Corporate-driven media has been a huge contributing factor to the definition of the idealized body image. They use perfected and airbrushed pictures as examples of what should be aspired to. The diet, beauty, and health industries use perfected body images as their main selling point and motivation behind what they are selling. These businesses send a powerful message that beauty, health, fitness, and thinness are the most important measures of life, worth, happiness, control, and success, and the media they use captures the perfected body-righteous standard in such a way that has stigmatized anything other than the ideal. But corporate media only has power if the consumer actually believes the message behind the body image symbol, and that’s where parents have a key role in either contributing to or preventing the problem.

Positive and negative parenting examples

Parents and family can play an important contributing factor when they, too, have internalized, believed, and encouraged these sacred body-righteous standards. Most people are aware that making your teen’s weight and diet a focus is an obvious contributor to negative body image and eating disorders. But, they don’t necessarily understand that how parents feel about themselves and how they treat their own bodies can be just as influential.

Parents who openly discuss their “battle with weight,” who openly judge and criticize parts of their body, who publicly talk about their diets, who describe food as “bad/good” or “clean/dirty,” who feel the need to excuse eating, who have to justify what they eat, or who negotiate for food–all of these positively teach moral importance and values of body-righteousness.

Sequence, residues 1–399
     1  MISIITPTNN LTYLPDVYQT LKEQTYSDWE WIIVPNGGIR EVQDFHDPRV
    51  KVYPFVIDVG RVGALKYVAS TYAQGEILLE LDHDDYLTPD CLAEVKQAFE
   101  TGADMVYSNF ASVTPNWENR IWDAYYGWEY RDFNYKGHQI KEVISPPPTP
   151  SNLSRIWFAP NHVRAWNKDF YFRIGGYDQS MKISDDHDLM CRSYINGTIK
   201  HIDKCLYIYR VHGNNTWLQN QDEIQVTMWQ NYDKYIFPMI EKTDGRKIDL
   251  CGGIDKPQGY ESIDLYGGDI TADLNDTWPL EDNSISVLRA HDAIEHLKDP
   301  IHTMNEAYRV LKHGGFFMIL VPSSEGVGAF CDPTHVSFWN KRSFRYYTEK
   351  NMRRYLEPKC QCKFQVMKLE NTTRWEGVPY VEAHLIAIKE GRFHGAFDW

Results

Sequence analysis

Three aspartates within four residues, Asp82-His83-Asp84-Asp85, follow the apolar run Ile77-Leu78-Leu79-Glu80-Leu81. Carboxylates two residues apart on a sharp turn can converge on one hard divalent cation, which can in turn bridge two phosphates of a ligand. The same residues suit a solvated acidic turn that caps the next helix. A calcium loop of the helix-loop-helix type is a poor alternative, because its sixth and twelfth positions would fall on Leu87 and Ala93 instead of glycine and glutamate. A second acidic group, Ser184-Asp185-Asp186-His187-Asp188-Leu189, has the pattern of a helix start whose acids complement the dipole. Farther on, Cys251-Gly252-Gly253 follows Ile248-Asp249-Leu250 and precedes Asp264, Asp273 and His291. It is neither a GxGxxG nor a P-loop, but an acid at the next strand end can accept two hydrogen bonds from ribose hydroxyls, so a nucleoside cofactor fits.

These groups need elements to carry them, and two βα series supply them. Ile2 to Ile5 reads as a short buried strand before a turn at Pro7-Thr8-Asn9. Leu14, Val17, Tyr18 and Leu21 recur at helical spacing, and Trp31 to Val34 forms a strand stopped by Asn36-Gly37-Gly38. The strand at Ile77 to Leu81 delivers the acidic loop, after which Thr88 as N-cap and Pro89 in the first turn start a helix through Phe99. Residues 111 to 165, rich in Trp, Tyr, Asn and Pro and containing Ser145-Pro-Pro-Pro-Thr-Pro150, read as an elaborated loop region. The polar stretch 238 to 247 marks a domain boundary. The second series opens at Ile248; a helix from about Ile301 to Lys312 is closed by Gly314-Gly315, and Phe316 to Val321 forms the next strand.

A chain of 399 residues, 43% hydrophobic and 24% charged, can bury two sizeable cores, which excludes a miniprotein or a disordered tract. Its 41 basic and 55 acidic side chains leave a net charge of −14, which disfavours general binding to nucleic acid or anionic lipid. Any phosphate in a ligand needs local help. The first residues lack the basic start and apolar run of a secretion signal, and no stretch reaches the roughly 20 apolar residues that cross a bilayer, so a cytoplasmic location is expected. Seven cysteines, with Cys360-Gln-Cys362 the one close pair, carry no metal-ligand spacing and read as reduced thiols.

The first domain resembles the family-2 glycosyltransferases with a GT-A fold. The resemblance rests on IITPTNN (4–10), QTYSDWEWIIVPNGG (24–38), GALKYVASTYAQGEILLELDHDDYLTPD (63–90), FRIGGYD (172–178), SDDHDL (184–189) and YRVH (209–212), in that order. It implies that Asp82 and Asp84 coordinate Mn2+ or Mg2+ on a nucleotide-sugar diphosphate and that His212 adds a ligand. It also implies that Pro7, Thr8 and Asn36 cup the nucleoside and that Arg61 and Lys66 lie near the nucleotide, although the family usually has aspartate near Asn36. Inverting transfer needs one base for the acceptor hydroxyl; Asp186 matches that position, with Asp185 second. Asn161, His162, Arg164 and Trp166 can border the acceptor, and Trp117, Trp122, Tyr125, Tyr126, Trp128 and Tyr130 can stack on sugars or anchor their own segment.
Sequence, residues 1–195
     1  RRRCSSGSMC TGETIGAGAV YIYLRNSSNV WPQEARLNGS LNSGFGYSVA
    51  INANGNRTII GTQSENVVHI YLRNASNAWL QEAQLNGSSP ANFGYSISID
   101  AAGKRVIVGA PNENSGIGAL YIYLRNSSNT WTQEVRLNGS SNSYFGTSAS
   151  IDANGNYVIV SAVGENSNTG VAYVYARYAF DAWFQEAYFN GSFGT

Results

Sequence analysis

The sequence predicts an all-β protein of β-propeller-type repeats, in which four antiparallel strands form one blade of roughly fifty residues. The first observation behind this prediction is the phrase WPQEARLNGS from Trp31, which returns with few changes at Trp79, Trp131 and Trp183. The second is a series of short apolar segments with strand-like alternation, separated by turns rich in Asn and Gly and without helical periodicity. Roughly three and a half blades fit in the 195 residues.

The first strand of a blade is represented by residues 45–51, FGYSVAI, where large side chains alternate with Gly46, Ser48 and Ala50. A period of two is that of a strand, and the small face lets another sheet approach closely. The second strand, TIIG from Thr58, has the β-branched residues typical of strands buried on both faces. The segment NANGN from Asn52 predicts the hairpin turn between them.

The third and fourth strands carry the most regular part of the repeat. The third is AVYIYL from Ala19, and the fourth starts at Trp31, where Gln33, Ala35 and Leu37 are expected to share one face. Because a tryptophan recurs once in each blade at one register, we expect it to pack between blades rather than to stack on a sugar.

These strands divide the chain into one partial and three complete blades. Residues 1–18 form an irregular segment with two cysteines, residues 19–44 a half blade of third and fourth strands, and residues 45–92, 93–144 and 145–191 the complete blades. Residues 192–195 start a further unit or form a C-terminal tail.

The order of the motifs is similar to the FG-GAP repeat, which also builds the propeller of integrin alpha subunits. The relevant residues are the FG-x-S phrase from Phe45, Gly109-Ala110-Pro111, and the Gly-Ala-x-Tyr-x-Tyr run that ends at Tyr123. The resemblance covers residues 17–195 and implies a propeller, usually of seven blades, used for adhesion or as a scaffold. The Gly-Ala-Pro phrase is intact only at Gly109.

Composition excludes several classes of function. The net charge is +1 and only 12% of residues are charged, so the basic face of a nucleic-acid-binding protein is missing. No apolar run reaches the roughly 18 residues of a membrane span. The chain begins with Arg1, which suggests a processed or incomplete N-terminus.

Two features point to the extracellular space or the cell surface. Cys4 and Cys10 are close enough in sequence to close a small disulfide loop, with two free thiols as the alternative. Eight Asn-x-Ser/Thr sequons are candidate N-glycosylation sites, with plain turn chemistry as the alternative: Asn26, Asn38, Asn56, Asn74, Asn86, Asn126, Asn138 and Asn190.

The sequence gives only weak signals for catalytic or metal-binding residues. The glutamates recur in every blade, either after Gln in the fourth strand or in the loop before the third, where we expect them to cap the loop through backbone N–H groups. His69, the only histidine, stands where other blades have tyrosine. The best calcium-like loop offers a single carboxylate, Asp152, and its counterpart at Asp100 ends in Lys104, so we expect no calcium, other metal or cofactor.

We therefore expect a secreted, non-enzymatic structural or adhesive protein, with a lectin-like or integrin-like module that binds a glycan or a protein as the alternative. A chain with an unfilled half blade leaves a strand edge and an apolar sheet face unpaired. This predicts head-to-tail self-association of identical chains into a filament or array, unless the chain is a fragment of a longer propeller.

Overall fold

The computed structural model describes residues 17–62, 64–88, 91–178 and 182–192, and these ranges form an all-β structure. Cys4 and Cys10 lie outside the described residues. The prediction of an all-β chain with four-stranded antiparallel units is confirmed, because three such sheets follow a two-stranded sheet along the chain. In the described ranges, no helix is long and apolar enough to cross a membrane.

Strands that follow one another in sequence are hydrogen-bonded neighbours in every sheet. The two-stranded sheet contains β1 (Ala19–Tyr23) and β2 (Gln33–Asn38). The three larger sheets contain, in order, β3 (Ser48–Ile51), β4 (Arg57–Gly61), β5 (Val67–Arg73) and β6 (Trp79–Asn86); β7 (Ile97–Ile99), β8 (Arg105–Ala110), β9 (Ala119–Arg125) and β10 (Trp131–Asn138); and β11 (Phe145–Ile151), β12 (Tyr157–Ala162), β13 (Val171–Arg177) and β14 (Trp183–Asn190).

Conversely, powerful contributors to poor body image are the parents and people who believe they actually have the power and righteousness of the ideal body that others aspire to have. Many of these people are in the diet, nutrition, health, and fitness industry and they use themselves as the example. They tend to use their ideal body as a measure of their success and have a higher, more righteous standard for themselves and their children.

Children of these “ideal body” parents are often held to a stricter body-righteous standard, have food restricted needlessly, are forced to exercise for fitness, and they often hear their parents criticize, judge, and even shame other people who are fat, unhealthy, or who don’t believe or prioritize the same body-righteousness. The internal family perfectionism without grace inevitably results in their children’s fear of shame and disapproval if their body doesn’t match the family standard. Essentially, these children are held captive by the strict requirement of their parent’s egotistic standard of righteousness.